As I’m spending the night lying down sick in bed, I’m actually finding myself remembering the sunny weekend getaway my family and I had in Phuket last July. It was a pretty spontaneous trip and it was extremely short but it was worth it!
DISCLAIMER: People have different traveling styles, this is just one among many. I hope this post serves you useful, especially if you intend to relax in one of the beautiful resorts in Phuket.
Phuket is located in the southern part of Thailand and is home to some of the most breathtaking beaches and sunsets in the world. It might ring a bell because of the tsunami that hit it back in December 2004 but more than 10 years later, Phuket has bounced back up and still continues to attract more and more tourists and now I see why 🙂
Here’s a recall of what went on that weekend in Phuket!
Since this trip was spontaneous, we weren’t able to book ahead for relatively cheap flights. Fortunately though, Cebu Pacific once again did one of its many wonders and still offered reasonably priced flights directly to Phuket. (There aren’t a lot of airlines that actually offer direct flights from Manila to Phuket…) We arrived in NAIA at 5PM, leaving plenty of time to get everything done prior to our 730PM flight. We waited for the 615PM boarding time but due to the bad weather and air traffic (then again, what is new), we weren’t able to leave Manila until 10PM.
We got to Phuket at around 1AM (Manila is an hour behind) and immediately headed to immigration in hopes of getting to the hotel before 2AM. I honestly did NOT expect the airport to be so crowded at that time of the night but the queues for each counter was ridiculous. (Thankfully though, a new airport is being constructed to accommodate visitors and locals better.) That’s apparently normal in HKT since tourists really do flock the place all year round but boy was that crazy. It took about another hour to finish everything, grab one checked-in luggage, and locate our hotel transfer.
OUTRIGGER LAGUNA PHUKET BEACH RESORT
Outrigger is about 30 minutes away from the airport via private vehicle. As soon as we got to the hotel, I was amazed at how everything was beautifully infused with Thai culture. The couches, the lights, the counters, literally everything. It’s one of the many things I love seeing when going abroad — how international hotels are able to infuse the local culture to nearly everything.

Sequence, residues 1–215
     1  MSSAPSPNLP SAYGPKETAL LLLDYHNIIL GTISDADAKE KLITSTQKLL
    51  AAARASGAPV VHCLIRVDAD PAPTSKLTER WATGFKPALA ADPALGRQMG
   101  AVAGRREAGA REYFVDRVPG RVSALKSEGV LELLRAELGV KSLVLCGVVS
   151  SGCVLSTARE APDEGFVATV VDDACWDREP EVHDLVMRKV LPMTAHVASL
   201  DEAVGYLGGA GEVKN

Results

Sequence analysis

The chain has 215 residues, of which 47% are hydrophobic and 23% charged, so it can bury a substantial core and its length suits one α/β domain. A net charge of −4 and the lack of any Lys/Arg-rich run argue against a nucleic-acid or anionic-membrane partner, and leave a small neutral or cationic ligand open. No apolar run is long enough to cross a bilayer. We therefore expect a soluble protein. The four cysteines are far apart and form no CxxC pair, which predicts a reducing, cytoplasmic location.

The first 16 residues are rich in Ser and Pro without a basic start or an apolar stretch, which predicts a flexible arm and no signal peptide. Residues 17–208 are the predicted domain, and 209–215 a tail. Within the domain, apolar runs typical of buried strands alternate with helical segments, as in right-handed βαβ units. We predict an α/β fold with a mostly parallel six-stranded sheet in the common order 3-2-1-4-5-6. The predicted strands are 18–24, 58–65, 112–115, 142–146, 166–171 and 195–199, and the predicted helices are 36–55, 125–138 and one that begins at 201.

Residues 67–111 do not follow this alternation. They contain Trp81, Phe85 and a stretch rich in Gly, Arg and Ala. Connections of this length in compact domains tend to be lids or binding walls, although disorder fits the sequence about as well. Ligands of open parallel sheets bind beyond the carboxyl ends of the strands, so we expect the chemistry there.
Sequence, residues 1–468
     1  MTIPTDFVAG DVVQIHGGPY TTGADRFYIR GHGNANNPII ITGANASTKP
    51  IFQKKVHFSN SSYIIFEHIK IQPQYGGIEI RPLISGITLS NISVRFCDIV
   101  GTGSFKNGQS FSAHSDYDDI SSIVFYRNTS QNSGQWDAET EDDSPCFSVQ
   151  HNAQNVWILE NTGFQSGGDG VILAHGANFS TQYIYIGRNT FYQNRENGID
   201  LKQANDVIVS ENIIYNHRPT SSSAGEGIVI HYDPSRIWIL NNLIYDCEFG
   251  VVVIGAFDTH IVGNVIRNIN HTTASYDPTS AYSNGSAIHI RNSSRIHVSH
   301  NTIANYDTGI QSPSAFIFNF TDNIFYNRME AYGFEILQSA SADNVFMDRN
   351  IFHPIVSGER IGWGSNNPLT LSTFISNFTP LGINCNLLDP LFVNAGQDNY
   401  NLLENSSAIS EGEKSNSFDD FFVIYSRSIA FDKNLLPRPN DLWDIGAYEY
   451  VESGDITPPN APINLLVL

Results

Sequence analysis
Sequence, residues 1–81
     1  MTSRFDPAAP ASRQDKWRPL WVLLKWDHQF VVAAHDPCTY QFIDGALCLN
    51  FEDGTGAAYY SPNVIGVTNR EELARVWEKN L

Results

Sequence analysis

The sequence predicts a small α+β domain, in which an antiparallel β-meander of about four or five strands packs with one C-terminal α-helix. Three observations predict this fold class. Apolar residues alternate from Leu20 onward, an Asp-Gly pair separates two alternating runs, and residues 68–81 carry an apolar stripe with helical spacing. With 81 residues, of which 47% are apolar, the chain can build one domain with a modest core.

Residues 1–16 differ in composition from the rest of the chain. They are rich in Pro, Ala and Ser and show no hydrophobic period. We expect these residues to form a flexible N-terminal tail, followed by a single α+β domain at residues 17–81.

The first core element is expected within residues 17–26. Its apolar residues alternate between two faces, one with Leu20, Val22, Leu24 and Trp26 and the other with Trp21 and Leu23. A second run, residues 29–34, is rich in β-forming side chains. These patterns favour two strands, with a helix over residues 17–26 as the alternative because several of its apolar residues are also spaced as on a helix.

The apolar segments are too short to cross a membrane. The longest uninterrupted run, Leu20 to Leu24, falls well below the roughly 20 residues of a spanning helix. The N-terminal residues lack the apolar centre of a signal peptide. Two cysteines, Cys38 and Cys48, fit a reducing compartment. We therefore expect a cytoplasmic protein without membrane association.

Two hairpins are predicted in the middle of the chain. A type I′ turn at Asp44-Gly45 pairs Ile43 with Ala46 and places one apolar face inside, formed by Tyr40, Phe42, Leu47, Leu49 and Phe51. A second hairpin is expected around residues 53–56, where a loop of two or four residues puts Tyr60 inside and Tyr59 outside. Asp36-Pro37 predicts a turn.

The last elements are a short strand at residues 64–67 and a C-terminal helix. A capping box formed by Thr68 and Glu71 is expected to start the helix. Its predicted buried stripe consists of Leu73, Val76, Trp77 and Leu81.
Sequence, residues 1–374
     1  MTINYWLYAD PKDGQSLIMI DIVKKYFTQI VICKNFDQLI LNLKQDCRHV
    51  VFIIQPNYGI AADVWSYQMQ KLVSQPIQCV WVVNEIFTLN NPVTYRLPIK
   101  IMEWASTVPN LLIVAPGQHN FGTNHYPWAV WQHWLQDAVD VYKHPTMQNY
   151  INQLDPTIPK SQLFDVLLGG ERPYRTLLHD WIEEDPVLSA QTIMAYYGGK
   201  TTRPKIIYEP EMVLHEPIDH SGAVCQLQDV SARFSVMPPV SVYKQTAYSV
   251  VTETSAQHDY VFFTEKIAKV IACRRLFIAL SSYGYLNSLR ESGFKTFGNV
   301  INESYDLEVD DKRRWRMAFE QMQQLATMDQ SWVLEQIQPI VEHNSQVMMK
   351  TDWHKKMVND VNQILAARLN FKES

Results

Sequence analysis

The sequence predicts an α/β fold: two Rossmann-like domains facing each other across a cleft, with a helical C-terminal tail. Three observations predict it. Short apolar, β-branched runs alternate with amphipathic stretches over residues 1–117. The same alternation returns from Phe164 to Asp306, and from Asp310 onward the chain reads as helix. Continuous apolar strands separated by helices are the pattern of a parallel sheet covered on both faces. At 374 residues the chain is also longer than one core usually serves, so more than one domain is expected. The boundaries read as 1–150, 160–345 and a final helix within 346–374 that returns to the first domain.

Our first morning in Phuket was gloomy and this honestly got me down since I was really looking forward to basking under the sun. It eventually started pouring but thankfully though, the skies cleared out and the sun came out.
After breakfast, we headed back to the room to get our stuff for the beach. It felt so good to just relax and enjoy the view (and snack). After a while, my siblings (Maui and Migi) and I decided to walk along the shore and discovered one part of the beach with swings tied to the trees.
Pa Tong is known as the center of tourism in Phuket because of its shopping centers and nightlife. It was badly hit by the 2004 Tsunami but ever since then, the place has been able to recover.
We decided to head downtown, straight to Jungceylon, a pretty big mall with pretty much everything. One of our agendas that day was to look for the supermarket (SO convenient for pasalubong shopping since it has everything you can possibly think of). Most malls have big supermarkets (Jungceylon had Big C) and they have souvenirs, traditional food, chocolates and candies, among others. Buying presents for friends and family from the supermarket is so much cheaper compared to going to souvenir shops as they tend to overprice their goods.
After strolling around the mall, we then decided to around Bangla Road (a popular place known for its pubs and restaurants) and then to Pa Tong Beach to catch the sunset. While I was in Phuket, I read quite a number of articles and stories about the 2004 tsunami and one of the saddest facts I came across to was when the tourists and locals ended up getting swallowed by the waves when they noticed the water receding, took photos and looked at the shells and fish not knowing that a tsunami was about to happen.